we will share in his resurrection,
redeemed and restored to the fullness of life
and forever freed to be your people. Amen.
PRAYER OF CONFESSION:
Lord, you have called us to be children of light, and we want to be, but sometimes we act more like children of darkness. Children of light love and care for others, but too often we love ourselves most and take care only of ourselves. Children of light are honest in all things, but we sometimes twist the truth to get our own way. Children of light admit it when they are wrong, but we try to cover up our sins or pretend that they are only mistakes. Forgive us.
ASSURANCE OF PARDON:
Because we are children of light, we know that we are not perfect. We also know that God loves us. Indeed, Jesus lived, died, and has risen so that we might know that God forgives us. When we admit our sins, God promises to forgive us.
We remember always, that in Jesus Christ we are forgiven.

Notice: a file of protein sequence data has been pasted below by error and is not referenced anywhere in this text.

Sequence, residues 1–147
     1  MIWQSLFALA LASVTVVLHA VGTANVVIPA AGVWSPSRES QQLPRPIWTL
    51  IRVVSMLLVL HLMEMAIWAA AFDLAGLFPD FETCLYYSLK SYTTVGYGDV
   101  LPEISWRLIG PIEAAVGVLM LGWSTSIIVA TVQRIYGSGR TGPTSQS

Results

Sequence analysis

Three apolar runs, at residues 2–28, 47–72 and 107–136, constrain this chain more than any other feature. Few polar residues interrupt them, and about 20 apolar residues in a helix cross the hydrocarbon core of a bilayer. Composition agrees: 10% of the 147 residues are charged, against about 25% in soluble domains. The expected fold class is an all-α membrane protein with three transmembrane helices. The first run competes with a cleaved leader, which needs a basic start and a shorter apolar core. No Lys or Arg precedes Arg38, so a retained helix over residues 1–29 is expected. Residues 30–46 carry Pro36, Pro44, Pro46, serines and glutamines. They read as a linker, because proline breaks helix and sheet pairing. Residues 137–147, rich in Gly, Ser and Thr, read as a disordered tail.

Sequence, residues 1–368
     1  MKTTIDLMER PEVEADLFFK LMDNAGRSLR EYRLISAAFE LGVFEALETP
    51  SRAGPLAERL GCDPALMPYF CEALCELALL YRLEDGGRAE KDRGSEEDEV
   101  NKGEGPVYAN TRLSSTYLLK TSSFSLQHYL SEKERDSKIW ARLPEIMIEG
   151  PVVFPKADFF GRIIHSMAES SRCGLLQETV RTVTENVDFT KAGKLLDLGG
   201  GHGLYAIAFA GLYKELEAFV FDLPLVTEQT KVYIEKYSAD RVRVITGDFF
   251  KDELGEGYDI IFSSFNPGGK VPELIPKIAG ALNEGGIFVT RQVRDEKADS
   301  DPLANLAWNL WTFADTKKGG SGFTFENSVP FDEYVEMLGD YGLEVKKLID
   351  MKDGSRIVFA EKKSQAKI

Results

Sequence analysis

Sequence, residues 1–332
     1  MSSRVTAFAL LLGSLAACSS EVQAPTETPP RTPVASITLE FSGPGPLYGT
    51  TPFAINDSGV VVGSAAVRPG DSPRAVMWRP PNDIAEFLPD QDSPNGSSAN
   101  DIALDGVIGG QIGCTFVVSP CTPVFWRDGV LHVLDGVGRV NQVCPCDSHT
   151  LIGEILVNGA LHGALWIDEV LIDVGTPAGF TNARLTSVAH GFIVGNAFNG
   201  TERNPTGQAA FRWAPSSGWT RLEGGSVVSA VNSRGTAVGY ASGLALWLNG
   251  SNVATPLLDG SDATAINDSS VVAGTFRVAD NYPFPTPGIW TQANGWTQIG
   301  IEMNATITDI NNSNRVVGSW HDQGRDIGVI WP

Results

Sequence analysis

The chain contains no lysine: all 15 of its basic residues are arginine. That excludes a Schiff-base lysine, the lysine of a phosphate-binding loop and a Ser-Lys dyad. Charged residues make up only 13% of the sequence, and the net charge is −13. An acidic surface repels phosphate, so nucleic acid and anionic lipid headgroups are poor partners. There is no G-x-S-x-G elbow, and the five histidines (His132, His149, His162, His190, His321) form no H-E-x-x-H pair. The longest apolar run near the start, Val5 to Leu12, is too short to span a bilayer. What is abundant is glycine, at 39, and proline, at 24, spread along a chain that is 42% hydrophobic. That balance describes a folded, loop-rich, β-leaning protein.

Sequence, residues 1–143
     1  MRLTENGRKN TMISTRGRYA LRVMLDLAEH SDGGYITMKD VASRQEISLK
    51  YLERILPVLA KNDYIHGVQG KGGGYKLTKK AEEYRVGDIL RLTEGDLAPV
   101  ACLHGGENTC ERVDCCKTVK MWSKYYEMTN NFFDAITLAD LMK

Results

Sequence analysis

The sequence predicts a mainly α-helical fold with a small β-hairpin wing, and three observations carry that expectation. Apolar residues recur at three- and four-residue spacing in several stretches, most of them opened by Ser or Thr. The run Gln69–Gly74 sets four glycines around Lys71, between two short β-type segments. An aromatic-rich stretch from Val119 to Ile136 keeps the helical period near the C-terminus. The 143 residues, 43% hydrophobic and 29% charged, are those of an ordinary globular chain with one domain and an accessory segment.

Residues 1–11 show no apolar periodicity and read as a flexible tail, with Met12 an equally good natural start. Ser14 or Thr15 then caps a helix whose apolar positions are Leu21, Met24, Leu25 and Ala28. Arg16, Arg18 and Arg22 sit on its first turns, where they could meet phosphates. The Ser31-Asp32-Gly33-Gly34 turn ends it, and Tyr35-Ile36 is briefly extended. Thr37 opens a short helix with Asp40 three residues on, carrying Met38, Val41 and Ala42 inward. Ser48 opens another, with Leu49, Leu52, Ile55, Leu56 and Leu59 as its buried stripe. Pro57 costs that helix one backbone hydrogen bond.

Thanks be to God.
PASSING THE PEACE
The peace of the Lord Jesus Christ be with you. And also with you.
Share a sign of peace with those nearby, or ask the Spirit to bring his peace to another you may know, or to a world situation.
WE HEAR GOD’S WORD
Listen, hear and remember, these portions of the revelation of God’s word for us.
1 John 1: 1-10
That which was from the beginning, which we have heard, which we have seen with our eyes, which we have looked at and our hands have touched—this we proclaim concerning the Word of life. 2 The life appeared; we have seen it and testify to it, and we proclaim to you the eternal life, which was with the Father and has appeared to us. 3 We proclaim to you what we have seen and heard, so that you also may have fellowship with us. And our fellowship is with the Father and with his Son, Jesus Christ. 4 We write this to make our[a] joy complete.
5 This is the message we have heard from him and declare to you: God is light; in him there is no darkness at all. 6 If we claim to have fellowship with him and yet walk in the darkness, we lie and do not live out the truth. 7 But if we walk in the light, as he is in the light, we have fellowship with one another, and the blood of Jesus, his Son, purifies us from all[b] sin.